10 Reasons We Sold Our Television

10 Reasons We Sold Our Television

While the decision to finally get rid of our boob tube six years ago felt momentous at the time, it seems so trivial now.
Katie Schuermann
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Remember that heavy, cumbersome piece of electronics with the giant black screen that used to sit on that long, dust-covered table in our living room? Yeah, we don’t miss it. Not even a little.

I would be lying if I said my husband and I didn’t have an annual exchange that goes something like this:

Husband: It sure would be nice to watch “Fellowship of the Ring” on a big screen again.

Me: Yeah, it would.

Husband: Want to go to Barnes and Noble?

Me: Sure!

While the decision to finally get rid of our boob tube six years ago felt momentous at the time, it seems so trivial now. I could almost forget we ever had one, because the benefits of it being gone far outweigh the fellowship of any hobbit.

1. We Actually Live in Our Living Room

Instead of sitting shoulder to shoulder on a couch, watching pretend life unfold on a digital screen, my husband and I sit face to face in our living room and make real memories with real people. Sometimes we talk or play a game; sometimes we sip wine and snuggle our pet bunny; sometimes we throw pillows then make up. Whatever we do, our living room—not the television—is the place where the juicy plot unfolds.

2. Hollywood and Television Networks Are Overbearing Houseguests

It is so freeing not to have thousands of screenwriters and newscasters and talk show hosts elbowing their way into my conscience every minute of every day. I don’t need Shonda Rhimes to tell me what to think about life, death, love, abortion, same-sex marriage, or the price of gasoline. Turns out, I’m pretty good at thinking through those issues on my own.

3. No Cable Bill

I repeat, no cable bill. This translates to more money for chocolate, coffee, and sushi.

4. Our Couches Look More Cozy Arranged around a Coffee Table

There is something so inviting about a living room that has couches facing other couches. It’s as if the house wants its guests to go back to a civilized time when people actually talked. To each other.

5. We Spend Thursday Nights with Our Own Friends, Not Meredith Grey’s Friends 

This was a game-changer for us. Once we turned our furniture inward instead of outward, we suddenly felt the urge to fill those cushioned seats with people we love. Game nights, book groups, and wine tastings are so much more fulfilling than mock surgeries.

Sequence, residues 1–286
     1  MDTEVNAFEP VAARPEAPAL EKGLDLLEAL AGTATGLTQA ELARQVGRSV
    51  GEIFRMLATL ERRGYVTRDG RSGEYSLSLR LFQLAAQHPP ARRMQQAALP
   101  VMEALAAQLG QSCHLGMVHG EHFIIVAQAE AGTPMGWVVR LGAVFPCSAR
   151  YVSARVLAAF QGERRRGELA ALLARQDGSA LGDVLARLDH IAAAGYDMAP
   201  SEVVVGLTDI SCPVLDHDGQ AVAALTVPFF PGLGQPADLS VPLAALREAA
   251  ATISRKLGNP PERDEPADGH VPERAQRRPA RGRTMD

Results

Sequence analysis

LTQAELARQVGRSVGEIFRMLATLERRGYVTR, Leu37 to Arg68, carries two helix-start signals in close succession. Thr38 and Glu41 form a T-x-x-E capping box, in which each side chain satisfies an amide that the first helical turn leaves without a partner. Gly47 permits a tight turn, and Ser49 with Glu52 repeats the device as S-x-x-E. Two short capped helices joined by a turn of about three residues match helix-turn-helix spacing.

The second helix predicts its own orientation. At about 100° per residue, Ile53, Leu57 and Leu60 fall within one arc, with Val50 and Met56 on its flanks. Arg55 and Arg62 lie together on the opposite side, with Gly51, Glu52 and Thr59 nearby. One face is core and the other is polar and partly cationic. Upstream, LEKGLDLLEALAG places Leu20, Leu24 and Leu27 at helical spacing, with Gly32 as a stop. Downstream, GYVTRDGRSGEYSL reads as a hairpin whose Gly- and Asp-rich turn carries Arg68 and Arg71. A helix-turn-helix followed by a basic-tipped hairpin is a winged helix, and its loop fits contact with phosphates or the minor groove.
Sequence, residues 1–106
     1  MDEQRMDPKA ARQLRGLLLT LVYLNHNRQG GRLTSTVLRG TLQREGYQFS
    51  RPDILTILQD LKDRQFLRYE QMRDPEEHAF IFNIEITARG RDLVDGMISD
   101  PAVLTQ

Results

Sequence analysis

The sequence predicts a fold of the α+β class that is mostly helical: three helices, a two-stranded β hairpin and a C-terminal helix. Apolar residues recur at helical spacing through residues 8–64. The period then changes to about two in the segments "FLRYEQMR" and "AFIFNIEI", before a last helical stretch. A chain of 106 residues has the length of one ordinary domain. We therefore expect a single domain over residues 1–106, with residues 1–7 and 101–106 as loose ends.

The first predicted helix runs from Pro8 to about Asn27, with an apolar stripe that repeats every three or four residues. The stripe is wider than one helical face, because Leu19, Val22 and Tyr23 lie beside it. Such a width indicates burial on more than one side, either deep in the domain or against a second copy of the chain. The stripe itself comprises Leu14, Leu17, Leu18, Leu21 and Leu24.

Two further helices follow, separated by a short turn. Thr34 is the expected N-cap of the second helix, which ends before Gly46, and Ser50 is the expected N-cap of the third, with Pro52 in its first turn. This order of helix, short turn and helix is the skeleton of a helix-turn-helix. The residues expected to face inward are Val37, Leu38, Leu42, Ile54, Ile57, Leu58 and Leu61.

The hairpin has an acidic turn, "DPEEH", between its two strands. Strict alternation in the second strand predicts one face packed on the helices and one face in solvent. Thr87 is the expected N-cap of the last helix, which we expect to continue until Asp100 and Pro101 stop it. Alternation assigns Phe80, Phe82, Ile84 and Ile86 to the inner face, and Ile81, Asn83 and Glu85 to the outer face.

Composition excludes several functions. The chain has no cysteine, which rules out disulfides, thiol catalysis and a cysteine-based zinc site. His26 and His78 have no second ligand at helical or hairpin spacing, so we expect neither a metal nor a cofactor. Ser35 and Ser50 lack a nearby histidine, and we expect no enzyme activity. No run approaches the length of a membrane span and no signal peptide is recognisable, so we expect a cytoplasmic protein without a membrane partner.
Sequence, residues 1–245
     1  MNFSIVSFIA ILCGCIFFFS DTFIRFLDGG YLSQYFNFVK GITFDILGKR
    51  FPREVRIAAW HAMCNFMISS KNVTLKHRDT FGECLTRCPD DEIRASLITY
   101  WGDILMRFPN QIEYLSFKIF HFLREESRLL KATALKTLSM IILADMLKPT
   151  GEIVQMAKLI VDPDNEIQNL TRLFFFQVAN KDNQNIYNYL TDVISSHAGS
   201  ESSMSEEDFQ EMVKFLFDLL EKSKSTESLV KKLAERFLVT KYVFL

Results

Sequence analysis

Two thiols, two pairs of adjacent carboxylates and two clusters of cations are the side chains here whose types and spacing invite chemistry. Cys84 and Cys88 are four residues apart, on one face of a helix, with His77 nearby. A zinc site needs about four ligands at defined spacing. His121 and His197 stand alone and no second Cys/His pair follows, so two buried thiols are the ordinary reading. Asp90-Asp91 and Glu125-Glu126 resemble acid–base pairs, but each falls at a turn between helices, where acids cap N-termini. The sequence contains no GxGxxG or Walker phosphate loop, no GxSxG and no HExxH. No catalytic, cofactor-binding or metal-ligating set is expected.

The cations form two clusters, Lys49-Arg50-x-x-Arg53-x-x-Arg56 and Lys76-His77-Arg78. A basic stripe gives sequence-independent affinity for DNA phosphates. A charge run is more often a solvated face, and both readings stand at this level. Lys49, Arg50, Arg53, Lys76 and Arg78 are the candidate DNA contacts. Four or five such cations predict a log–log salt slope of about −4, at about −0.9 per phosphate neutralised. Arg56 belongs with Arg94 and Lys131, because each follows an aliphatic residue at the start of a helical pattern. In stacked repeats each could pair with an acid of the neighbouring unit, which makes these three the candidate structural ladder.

6. ‘If Music Be the Food of Love…’

That big space on the wall where a flat screen used to be? Yeah, we filled it with a piano. Total upgrade.

7. We Relax More

Vegging before a television may be tempting after a particularly rough day in the marketplace, but vegging is also remarkably un-restorative to the mind and body. Our health is better served by exercising, talking about our stresses, dealing with the difficult things in life, and truly resting. Television is a distraction from all of those things which would help us the most.

8. We Get More Work Done

I’m a writer, and my husband is a pastor. Both jobs require a lot of self-motivation and self-discipline to meet word counts and deadlines. The absence of a television ups our odds of doing just that.

9. I’m Actively Recovering

I’m a story addict. Serial shows are my nemesis, because they rarely ever resolve in a way that is satisfying. This means I (and every other television viewer) must keep watching and watching and watching a program to get an emotional payoff. This is death to my literary spirit. The best solution? Getting rid of the television and picking up a book, instead.

10. We Can Still Watch Epic Movies

…and nature documentaries and Christmas musicals and whatever else we want in a pinch. Laptops are handy that way. The screens may not be as big, but, to be honest, we don’t really care so much anymore. The quality of the resolution of our real life is much more important.

Katie Schuermann is a Lutheran pastor’s wife and author of “He Remembers the Barren,” second edition (Emmanuel Press, 2017).

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